POSTED: Thursday, July 16, 2009

Queen's hospital to mark 150 years

The Queen's Medical Center's 150th anniversary will be observed with a “;Heritage Day Celebration”; starting at 11 a.m. tomorrow on the front lawn, 1301 Punchbowl St.

Speaking at the opening ceremony will be Art Ushijima, president and chief executive officer of The Queen's Health Systems, Gov. Linda Lingle and Mayor Mufi Hannemann.

An offering will be made in honor of Queen Emma and King Kamehameha IV, founders of the medical center. A 150th anniversary time capsule also will be unveiled.

Festivities at noon will include entertainment by the Royal Hawaiian Band and Kaukahi, a Hawaiian crafts fair and cultural demonstrations.


Reward offered for canoe gear

The Hawaiian Sailing Canoe Association is looking for about $15,000 worth of equipment stolen from its canoes at Hale O Lono Harbor on Molokai between May 31 and June 14.

Association president Terry Galpin said nothing like this theft has happened in the group's 25-year history and she suspects the theft was committed by persons on a visiting vessel.

Galpin said yesterday that information from association members indicated the missing equipment included life jackets, sheet lines with tackle and tow lines.

She said new equipment purchased at a marine supply store had to be delivered before the 10 canoes can begin the race from the harbor to Haleiwa tomorrow.

The association is offering a reward leading to the return of the equipment.

Galpin asked anyone with information about the theft to call her, 808-372-8131.


USS Hawaii to arrive here next week

The Navy has invited the public to Ford Island next Thursday to view the arrival of the first of three Virginia-class submarines that will be assigned to Pearl Harbor. However, access to the site where the 377-foot USS Hawaii will tie up at Pearl Harbor's Submarine Base will be restricted because of security reasons.

Gov. Linda Lingle, the ship's sponsor, will take a small Navy boat to board the $2.5 billion submarine in the Pearl Harbor channel and meet briefly with Cmdr. Ed Herrington, the skipper of the Hawaii. Then the official greeting party will be taken to the submarine piers for the official ceremony slated to begin at 9:30 a.m.

From Ford Island's seaplane ramp, the public will be able to watch the vessel sail into Pearl Harbor. Public parking will be available from 8 a.m.

The ceremony at the submarine piers will feature a Hawaii Air National Guard F-15 flyover, music by the Pacific Fleet Band, the Kamehameha Alumni Glee Club, Halau Hula Olana Ai, Kahuna Pule Ganotise and a ha'a by Pa Kui a Lua.

On May 13, the 7,800-ton submarine left Groton, Conn., where it was built, stopping briefly in Georgia while undergoing sea trials. The Hawaii spent nine hours on Friday maneuvering the three sets of locks that make up the Panama Canal before entering the Pacific Ocean.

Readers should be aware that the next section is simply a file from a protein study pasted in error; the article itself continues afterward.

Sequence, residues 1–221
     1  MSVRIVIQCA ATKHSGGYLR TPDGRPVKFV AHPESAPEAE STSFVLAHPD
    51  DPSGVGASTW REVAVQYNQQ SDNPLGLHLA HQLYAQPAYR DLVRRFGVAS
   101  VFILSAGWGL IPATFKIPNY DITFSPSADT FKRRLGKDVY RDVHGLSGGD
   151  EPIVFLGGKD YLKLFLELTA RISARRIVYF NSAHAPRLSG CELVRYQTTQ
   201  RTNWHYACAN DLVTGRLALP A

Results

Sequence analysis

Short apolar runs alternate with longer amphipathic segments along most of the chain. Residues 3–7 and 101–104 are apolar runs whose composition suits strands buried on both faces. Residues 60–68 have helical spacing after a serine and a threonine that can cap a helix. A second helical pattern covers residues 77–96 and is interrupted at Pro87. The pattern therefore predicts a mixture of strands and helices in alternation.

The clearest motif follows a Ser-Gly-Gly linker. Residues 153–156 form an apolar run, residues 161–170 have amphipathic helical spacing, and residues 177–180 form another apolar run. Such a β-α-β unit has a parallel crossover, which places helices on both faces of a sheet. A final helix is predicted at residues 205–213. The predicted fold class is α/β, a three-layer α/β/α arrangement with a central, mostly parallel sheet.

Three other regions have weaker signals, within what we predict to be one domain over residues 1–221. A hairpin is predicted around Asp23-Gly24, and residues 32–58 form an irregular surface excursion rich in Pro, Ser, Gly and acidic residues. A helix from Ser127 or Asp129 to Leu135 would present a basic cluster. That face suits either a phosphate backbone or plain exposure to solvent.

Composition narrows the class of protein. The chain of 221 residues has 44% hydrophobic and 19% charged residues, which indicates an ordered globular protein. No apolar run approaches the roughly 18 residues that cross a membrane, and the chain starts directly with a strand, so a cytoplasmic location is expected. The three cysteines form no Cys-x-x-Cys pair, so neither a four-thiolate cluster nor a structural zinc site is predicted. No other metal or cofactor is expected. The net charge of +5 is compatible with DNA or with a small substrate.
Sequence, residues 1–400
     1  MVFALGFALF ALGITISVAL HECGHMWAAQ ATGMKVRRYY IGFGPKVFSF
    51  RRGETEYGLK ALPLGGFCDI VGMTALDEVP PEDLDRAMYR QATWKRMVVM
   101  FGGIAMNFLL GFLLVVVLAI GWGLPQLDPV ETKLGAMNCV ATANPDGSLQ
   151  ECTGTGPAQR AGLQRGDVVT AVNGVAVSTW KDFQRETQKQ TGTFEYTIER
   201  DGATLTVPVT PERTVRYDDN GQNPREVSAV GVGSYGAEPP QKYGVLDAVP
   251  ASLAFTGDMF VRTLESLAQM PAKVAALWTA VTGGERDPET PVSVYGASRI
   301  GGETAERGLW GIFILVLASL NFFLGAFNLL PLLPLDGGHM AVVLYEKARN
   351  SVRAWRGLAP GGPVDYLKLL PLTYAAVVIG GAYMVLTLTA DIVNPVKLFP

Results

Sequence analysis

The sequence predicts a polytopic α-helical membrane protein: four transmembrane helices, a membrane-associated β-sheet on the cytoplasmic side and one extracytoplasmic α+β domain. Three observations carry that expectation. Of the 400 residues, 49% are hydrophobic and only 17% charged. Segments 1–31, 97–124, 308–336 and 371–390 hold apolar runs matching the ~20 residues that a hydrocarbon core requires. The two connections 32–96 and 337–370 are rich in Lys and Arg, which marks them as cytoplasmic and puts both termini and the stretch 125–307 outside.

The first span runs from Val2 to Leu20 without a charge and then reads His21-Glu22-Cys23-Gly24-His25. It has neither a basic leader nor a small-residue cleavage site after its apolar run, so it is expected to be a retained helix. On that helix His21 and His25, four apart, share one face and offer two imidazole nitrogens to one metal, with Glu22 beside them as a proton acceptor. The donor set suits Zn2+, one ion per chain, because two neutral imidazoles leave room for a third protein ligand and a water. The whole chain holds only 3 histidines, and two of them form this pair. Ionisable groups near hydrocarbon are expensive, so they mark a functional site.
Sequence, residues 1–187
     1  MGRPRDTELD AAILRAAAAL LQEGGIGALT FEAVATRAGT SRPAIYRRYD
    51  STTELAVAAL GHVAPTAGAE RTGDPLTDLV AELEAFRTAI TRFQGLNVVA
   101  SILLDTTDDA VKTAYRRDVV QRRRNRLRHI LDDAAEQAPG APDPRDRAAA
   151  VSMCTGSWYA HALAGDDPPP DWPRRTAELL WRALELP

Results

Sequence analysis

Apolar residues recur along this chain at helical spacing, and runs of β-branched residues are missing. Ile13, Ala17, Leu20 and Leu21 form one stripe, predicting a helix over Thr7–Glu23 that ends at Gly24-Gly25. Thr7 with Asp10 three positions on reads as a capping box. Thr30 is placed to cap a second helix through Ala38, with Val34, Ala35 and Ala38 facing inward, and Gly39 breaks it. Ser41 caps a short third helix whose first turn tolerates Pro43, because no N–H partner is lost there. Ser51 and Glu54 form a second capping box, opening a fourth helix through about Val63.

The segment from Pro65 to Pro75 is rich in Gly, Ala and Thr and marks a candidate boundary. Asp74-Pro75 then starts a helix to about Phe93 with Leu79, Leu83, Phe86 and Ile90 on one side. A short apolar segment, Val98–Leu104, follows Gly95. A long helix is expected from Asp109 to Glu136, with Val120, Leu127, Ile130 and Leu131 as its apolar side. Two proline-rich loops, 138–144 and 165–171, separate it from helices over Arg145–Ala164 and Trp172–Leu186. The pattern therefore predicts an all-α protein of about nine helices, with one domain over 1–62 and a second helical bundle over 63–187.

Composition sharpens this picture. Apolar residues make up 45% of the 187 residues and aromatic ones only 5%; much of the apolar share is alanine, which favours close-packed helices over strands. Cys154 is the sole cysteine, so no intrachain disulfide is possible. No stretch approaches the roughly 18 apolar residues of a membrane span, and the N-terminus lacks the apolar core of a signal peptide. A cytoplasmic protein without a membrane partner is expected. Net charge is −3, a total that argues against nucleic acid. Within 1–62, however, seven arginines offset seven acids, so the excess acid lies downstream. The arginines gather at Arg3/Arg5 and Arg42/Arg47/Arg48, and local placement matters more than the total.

Tropical storm passing south of isles

Tropical Storm Carlos will pass several hundred miles south of the islands with minimal impact on local weather, according to the National Weather Service.

Carlos was about 1,700 miles east-southeast of Hilo yesterday afternoon, moving west at about 9 mph.

Its current path shows the storm passing several hundred miles south of Hawaii, said National Weather Service forecaster Derek Wroe.

“;Impacts will be minimal, if it does follow that path,”; he said. “;Conditions aren't right for it to increase in intensity again.”;

Wroe said the storm should weaken over the next five days.

Tomorrow the storm will enter the jurisdiction of the Central Pacific Hurricane Center, about 1,200 miles east of Hilo.


Big Isle charter school hails ruling

A Big Island charter school whose funds had been withheld by state education officials is planning to open in August, following a ruling by Big Island Circuit Judge Glenn Hara.

Officials with Waters of Life Public Charter School said they were pleased with Hara's ruling yesterday that they were denied due process by state charter school officials.

“;I'm elated,”; said Katheryn Crayton-Shay, principal/administrator of Waters of Life.

She said the state Board of Education may decide today on the date the school reopens in August.,

Crayton-Shay said the school, which teaches farming, hopes to open with about 170 students.

State charter school officials dissatisfied with the school's management withheld funds in January, she said.



Suit alleges Council broke sunshine law

HILO » A lawsuit accusing the Hawaii County Council of violating the state's open-government law has led to the cancellation of committee hearings next week.

But the Council will hold its regular meeting Wednesday, and hear from the county's top attorney about the suit filed Friday by West Hawaii Today.

Corporation Counsel Lincoln Ashida asked for time to brief Council members on the suit.

The newspaper's lawsuit accuses Council members of violating the so-called “;sunshine law”; by holding private discussions among themselves about a Council reorganization plan that was approved June 16.

The suit asks the court to declare the reorganization vote and any subsequent votes invalid.

Council Chairman J Yoshimoto says canceling the committee hearings was a “;precautionary”; move.